At some point we thought the game was pretty close to what we wanted for the release, we just had one really important step ahead: User Testing.
Not that it was the first time we handed family and friends our phone and let them play, but that was more a “look what we’re working on”-event. This time we told them to look at the game as a complete game and tell us their experience. We got a lot of useful feedback.
When working on a game for a while you tend to begin overlook a lot of little issues. You know exactly why it works this way and accept it pretty quickly if it seems reasonable. We found a lot of issues that are indeed a little annoying and shouldn’t have gone unnoticed, but while we knew they were there we didn’t find them to be annoying because we knew too much about the game. A few examples:
- Start button at the end of the tutorial doesn’t start the game
- Customers walking to the treasury chest are still selectable, resulting in unnessecary misselections
- Delete button in profiles can’t delete last profile but is not ‘grayed out’
- Occupied indicator flashes shortly on the treasure chest when a customer pays
- Paying is instant (no animation)
The list is a lot longer but we looked at every one of them. Some of them were ignored, most were fixed or we changed the way they were presented to improve the logic. We even did some big changes in giving the user feedback when he clicks and when a pirate is done with an machine and is blocking its usage.
Afterwards I think this phase saved us from a lot of small and some medium-sized issues and it vastly improved Barrr’s ‘flow’. I’d like to point out it’s really important to not only send the .apk to some friends and ask for feedback but also to find some friends, give them the phone and casually look over their shoulder and sit through a few levels. This way a user will tell you the little, fiddly things that aren’t really important but if fixed add to the quality of the game.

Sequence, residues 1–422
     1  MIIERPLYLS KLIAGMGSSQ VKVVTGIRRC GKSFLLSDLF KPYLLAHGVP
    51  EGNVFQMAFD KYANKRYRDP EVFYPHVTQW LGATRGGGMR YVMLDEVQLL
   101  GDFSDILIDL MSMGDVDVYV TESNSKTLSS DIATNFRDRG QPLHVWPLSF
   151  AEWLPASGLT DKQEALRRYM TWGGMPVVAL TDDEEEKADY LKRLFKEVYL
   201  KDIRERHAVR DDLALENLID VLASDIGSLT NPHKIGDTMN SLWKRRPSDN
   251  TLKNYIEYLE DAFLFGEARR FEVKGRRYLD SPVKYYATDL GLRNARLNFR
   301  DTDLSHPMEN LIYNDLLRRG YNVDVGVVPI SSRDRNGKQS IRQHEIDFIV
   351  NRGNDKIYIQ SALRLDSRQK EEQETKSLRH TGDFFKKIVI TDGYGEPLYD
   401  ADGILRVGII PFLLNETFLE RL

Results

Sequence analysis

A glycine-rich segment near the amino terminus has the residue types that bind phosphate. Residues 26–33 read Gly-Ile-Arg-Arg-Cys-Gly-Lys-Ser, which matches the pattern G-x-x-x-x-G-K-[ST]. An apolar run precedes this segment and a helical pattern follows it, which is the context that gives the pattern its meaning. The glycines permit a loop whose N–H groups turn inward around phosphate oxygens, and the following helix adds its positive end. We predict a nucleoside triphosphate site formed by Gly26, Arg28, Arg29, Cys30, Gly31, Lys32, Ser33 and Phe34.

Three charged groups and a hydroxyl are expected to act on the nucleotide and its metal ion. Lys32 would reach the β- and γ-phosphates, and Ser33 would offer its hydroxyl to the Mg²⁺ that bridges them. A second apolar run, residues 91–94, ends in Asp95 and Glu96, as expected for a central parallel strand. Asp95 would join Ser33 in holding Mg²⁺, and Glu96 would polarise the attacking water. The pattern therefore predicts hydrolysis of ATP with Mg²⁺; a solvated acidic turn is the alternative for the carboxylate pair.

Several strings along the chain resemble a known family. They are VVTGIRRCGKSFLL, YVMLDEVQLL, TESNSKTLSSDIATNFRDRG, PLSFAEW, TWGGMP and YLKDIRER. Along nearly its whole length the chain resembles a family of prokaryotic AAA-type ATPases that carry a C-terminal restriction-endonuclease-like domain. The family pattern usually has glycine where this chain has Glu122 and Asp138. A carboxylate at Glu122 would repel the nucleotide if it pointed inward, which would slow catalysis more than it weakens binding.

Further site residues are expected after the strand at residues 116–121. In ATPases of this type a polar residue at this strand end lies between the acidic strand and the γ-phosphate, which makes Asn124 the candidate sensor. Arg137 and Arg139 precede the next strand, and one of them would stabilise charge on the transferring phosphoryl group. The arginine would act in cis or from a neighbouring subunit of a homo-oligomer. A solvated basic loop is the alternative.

Preparing for the release
The week before our release we were quite busy polishing the game but we knew we’d have to call it done sometime since there’s always something to improve and we were already very happy with the overall polish the game had.
So we registered an developer account and began watching the market’s “Just in” section to determine what would be the right moment to release the game. We found the end of the afternoon in the Netherlands (9AM in New York) didn’t have much releases and thought it’d be a good moment to release Barrr.
We prepped the last stuff needed for the release and made a list of stuff that was needed:
- A polished game icon
- A small promotional graphic for the market
- Check the app’s debug output and remove as much as possible in the release version
- Check the complete install process for the final version
- Testing a full playthrough
- Setting the right version number for the app and the database
- Text for the market description
Allright, release time! After the release we did a few things to get it done as smooth as possible:
- Giving a five stars review ourselves and asking a few friends to do the same, to get the app a good starting position (we feel this helped a lot in the first few hours)
- Keeping a close eye on the bugreports in the developer console
- Keeping a close eye on the user reviews in the Android Market
- Rapidly refreshing the downloads page
- In the following days we kept a close eye on our website’s analytics and google to search for reviews
- Feel good about the good comments
Number of downloads
First of all, the number of downloads has been amazing. We knew we had a pretty funny game but didn’t have a clue about how many downloads to expect. Personally I would’ve been very satisfied with a few thousand downloads, as it turns out I didn’t have to wait for long to wait for that goal.
We released the game at 16.22 GMT, after 4 hours the developer console updated and we had 1154 downloads and a 4,5 star rating! We were very, very happy.
Our next mark (10.000 downloads) was reached 4 days after the release and the user feedback blew us away, users seemed to be very happy with the game, demanding more levels already.
Over the next 4 months the number of downloads continued to rise, leading to this graph:
Overall we’re quite happy about how we released the game and we’re very happy people like it! The downloads seem to climb steadily and has given us confidence to continue work on the game, but more on that later.